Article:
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Nutrients That Boost Your Hearing Health

In Health, Tips and Tricks by Michael L. Schneller, HIS

Michael L. Schneller, HIS

Michael’s father, Lee F. Schneller, started his first hearing clinic in Garden City, Kansas in 1971. The foundation of hearing aid knowledge Michael acquired while working in the state of Kansas helped pave the way so Michael could expand his studies in California, Minnesota, and Florida.
Michael L. Schneller, HIS

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You try to eat healthy foods to give your body and immune system the fuel it needs to keep you in shape. You notice when you can’t climb stairs as fast as you used to or when bending down to pick something up gets more difficult as the day wears on. You get regular physical exams; you get your eyes checked and get glasses or contacts – or cataract surgery if needed. Hopefully, you aren’t one of the majority of Americans who doesn’t take care of your hearing or ignores the fact that you have to keep saying “what” or “excuse me” over and over again.

At Focus Hearing, we are committed to keeping you on the path to good hearing health. This means you ought to get regular hearing evaluations. And as long as you are eating healthy – here’s some tips on what will help keep your hearing healthy, too.

Let’s Think About Folate Levels

Since the early 1990s, folate, which is also known as vitamin B-9, has been linked to hearing health.  A 1999 study reviewed in the American Journal of Clinical Nutrition showed elderly women with hearing loss had 43% lower folate levels than women with normal hearing. A 2003 study showed folate levels were lower in patients with age-related hearing loss than in those with no hearing loss. A 2004 study looked at men with age-related hearing loss and found those with hearing issues also had very low levels of serum folate. Foods with naturally occurring B-9 include spinach, asparagus, beans, broccoli, eggs, liver and nuts.

Vitamin B12

Low B-9 levels have been linked by research and many of those same studies found low B-12 levels also seemed to contribute to hearing loss.

Research conclusions were that both folate and B-12 deficiencies cause homocysteine levels in the body to rise and high homocysteine levels restrict blood flow. A lower blood flow to the cochlea in the ear causes hearing loss. The cochlea converts sound vibrations into electrical signals which are processed by the brain.

B-12 is naturally present in meat, fish, eggs, milk and dairy products. Foods that provide B-12 also provide Vitamin D which is good for hearing health. Sunshine is the best source of Vitamin D, but mackerel, tuna, egg yolks and cheese – especially swiss cheese – are all high in Vitamin D.

Omega- 3

Omega-3 is very important for healthy hearing as well as general health. Studies indicate many Americans aren’t getting enough of this essential component in their daily diets. The American Journal of Clinical Nutrition published a study in 2010 about Omega-3. It showed study participants who had at least two servings each week of cold-water fish which are traditionally high in Omega-3s, had a 42% lower risk of having age-related hearing loss. In addition to cold-water fish, other foods high in Omega-3 fatty acids include pastured eggs, flaxseed, walnuts and grass-fed beef and lamb. Salmon and sardines are very high in Omega-3s.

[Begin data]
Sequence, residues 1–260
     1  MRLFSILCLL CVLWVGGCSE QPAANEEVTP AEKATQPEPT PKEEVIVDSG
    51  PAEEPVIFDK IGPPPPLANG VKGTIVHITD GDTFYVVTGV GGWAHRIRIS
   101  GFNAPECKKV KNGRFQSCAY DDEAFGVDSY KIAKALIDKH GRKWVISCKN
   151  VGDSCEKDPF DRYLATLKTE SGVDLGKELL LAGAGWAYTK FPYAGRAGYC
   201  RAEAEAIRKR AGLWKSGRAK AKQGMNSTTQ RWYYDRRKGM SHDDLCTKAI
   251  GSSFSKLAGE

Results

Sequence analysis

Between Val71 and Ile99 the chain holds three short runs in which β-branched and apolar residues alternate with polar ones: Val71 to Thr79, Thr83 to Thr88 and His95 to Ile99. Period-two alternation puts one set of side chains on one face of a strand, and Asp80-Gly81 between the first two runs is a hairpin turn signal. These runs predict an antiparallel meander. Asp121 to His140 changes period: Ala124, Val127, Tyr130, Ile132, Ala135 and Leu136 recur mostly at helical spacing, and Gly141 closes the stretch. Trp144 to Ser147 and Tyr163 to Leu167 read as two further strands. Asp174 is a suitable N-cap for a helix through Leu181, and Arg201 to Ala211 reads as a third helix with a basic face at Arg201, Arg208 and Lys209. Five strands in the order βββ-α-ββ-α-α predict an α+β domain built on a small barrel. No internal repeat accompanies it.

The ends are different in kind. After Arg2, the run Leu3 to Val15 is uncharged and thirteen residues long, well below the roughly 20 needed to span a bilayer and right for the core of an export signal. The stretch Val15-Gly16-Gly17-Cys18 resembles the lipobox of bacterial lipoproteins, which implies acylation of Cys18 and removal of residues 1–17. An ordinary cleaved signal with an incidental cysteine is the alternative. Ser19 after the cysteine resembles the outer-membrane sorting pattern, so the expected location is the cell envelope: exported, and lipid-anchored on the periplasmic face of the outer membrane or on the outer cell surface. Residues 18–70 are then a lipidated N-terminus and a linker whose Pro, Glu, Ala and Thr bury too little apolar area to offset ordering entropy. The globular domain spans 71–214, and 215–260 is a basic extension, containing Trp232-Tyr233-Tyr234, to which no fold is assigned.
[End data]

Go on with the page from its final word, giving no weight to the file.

Vitamins A and E

A 2011 study reviewed the link between dietary and supplemental intakes of antioxidants such as vitamins A and E, and a propensity for hearing loss. Researchers measured the benefits of antioxidants over five years and found vitamins A and E scored the highest as being beneficial for hearing health. Individuals with the highest intake of Vitamin A reduced their risk of hearing loss by 47% and those who ate foods containing vitamin E lowered their risk of hearing loss by 14%. Food high in vitamin E include almonds, spinach, sweet potatoes, avocados, sunflower seeds, butternut squash, Swiss chard, turnip greens and olive oil. Foods rich in vitamin A would be beef liver, carrots, sweet potatoes, kale, spinach, broccoli, eggs and butter from grass-fed beef.

Vitamin C

Vitamin C is a water-soluble antioxidant that works with glutathione and other cellular antioxidants to absorb antioxidants that destroy helpful free radicals. A higher intake of vitamin C helps protect the brainstem from damage due to excessive noise. Vitamin C can improve the symptoms of sudden sensorineural hearing loss by reducing oxygen metabolites that are produced in the inner ear.
You can take supplements to increase your vitamin C, and it also occurs naturally in citrus fruits, papaya, strawberries, bell peppers, broccoli, brussels sprouts and dark, leafy greens.

Get That Hearing Test!

Stay on a good hearing health regime with a helpful diet, but also remember to get a regular hearing evaluation at Focus Hearing. Contact us today to schedule an appointment.